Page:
The images of 9/11 remain fresh in Riverhead Town Supervisor Yvette Aguiar’s memory.
She was a sergeant in the New York Police Department on Sept. 11, 2001 and experienced the horrors of that day up close.
“Unfortunately, I was right across the street when the first plane hit,” she said in an interview at the 9/11 Memorial in Calverton, where the Town Board held a brief ceremony Friday.
“I lived through it for three days,” she said. “All of the senses came into play. The smoke, the smell and hearing bodies hit the ground. People just perished all over.”
She said police tried to assist as much as possible.
Ms. Aguiar said she suffered burned lungs, as many people did at the time, and was treated at a hospital and released, and prescribed asthma medication which she still takes today. She is required to get X-rays every six months, she said, and “constantly” gets pneumonia.
The heat resulted from a big smoke wave that occurred when the second tower came down, she said.
“During the course of my 20-year career with NYPD, my counterparts and I trained for many hours in every type of emergency response, from crisis intervention to large scale acts of terrorism,” she said in a prepared statement Friday. “No amount of training could have prepared any of us for the events that occurred on Sept. 11, 2001.”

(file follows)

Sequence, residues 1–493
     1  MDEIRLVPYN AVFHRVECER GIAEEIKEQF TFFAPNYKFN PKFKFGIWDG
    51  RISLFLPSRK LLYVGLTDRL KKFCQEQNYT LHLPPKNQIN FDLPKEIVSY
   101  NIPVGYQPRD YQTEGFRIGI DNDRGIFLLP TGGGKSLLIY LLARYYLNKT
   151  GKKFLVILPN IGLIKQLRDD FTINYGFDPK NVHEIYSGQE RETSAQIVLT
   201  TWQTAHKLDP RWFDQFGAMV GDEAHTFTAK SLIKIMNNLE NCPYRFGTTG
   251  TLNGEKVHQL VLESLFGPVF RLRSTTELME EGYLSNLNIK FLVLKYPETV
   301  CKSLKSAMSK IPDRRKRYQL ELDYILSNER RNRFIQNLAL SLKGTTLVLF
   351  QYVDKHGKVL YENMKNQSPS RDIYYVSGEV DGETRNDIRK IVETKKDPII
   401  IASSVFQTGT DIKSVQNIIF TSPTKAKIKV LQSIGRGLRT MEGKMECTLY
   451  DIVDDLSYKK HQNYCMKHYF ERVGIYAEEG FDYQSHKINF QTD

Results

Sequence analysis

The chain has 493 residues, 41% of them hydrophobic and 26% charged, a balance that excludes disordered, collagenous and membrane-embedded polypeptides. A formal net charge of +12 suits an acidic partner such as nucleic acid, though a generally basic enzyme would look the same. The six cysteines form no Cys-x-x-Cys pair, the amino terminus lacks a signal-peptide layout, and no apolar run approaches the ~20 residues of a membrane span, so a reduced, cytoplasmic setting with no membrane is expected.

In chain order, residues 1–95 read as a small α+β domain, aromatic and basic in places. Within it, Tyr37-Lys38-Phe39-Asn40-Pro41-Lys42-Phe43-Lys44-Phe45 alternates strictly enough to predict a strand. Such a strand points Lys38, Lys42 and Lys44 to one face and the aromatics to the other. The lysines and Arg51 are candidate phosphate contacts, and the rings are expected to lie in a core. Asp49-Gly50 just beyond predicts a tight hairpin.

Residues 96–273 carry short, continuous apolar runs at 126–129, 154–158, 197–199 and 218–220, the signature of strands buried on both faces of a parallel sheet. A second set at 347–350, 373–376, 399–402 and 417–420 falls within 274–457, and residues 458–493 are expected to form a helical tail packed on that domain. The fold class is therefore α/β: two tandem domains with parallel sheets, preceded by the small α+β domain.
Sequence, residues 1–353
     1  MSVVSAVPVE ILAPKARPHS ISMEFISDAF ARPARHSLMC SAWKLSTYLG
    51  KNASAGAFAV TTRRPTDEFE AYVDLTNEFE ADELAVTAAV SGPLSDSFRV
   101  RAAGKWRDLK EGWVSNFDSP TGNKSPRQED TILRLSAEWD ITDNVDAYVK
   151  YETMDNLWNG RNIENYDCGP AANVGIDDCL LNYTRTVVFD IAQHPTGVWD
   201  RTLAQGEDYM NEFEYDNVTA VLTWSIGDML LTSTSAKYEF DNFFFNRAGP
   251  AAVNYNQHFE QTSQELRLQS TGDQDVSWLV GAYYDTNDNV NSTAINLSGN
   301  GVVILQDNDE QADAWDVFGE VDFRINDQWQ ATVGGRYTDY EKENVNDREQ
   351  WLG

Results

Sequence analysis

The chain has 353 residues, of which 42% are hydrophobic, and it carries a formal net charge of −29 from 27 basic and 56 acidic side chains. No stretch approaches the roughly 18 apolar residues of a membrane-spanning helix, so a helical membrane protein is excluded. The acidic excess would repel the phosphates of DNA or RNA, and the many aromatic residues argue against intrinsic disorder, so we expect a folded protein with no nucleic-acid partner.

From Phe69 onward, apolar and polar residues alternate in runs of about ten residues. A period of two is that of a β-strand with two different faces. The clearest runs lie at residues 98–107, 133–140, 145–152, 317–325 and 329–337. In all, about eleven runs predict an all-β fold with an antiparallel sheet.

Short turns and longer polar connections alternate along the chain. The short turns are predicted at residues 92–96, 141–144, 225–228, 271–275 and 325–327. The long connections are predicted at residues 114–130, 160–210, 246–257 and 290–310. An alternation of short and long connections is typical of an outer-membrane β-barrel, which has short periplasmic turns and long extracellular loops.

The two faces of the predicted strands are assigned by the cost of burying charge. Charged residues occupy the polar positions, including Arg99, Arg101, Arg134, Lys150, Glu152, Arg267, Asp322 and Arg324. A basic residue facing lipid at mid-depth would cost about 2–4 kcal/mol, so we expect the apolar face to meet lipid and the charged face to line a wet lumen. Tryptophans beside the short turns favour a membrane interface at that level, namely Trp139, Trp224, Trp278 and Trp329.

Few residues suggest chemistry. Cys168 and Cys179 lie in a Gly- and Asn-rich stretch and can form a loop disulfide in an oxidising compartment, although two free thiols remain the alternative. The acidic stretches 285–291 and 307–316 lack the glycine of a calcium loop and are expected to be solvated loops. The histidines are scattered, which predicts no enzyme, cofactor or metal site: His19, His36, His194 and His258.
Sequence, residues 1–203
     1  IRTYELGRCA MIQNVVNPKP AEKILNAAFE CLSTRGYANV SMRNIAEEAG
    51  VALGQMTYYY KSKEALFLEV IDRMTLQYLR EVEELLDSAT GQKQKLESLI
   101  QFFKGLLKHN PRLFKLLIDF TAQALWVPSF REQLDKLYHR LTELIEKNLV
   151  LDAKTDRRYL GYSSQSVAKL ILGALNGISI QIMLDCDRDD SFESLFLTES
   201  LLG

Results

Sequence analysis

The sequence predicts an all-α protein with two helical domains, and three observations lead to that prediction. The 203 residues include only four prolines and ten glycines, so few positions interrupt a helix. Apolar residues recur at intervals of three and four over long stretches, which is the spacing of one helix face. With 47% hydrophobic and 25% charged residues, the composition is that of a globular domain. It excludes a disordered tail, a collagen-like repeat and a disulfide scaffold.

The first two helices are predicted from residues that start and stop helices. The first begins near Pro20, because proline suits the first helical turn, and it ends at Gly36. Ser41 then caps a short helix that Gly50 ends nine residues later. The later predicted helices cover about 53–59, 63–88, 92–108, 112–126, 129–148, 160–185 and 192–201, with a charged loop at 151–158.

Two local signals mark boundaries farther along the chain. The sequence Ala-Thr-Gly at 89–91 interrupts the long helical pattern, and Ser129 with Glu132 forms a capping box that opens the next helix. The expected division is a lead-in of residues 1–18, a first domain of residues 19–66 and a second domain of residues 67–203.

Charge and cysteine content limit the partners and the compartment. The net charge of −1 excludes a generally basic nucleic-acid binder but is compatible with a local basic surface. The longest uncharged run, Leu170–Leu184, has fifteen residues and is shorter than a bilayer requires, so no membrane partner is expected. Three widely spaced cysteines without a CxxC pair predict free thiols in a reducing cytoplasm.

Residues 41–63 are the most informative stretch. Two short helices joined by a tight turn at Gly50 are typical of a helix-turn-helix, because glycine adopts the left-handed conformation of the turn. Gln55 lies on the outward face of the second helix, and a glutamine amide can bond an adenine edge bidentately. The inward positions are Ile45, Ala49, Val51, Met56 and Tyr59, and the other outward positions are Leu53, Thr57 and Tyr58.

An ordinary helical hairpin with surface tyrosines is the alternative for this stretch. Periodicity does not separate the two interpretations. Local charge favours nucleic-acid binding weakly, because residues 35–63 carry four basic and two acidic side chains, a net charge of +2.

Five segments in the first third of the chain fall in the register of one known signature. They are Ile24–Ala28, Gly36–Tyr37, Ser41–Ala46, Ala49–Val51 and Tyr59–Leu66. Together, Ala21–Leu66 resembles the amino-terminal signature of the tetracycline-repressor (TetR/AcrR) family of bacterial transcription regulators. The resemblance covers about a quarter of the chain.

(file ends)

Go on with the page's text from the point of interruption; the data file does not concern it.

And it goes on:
The Town Board members were the only ones at the brief ceremony, which was held at a memorial on the corner of Riley Avenue and Edwards Avenue that resident Hal Lindstrom spearheaded many years ago.
“Three thousand men and women left their homes on a beautiful, clear September morning not knowing they would never see their loved ones again,” Ms. Aguiar said. “Many others left their homes as ordinary citizens, only to perish hours later as heroes helping others evacuate.”
Riverhead Police Chief David Hegermiller also read from a 9/11 prayer from Brother Darrell Burns.
“Enable us, Dear God, to put an end to fear, by solving to live lives that are based on respect for one another,” the prayer read.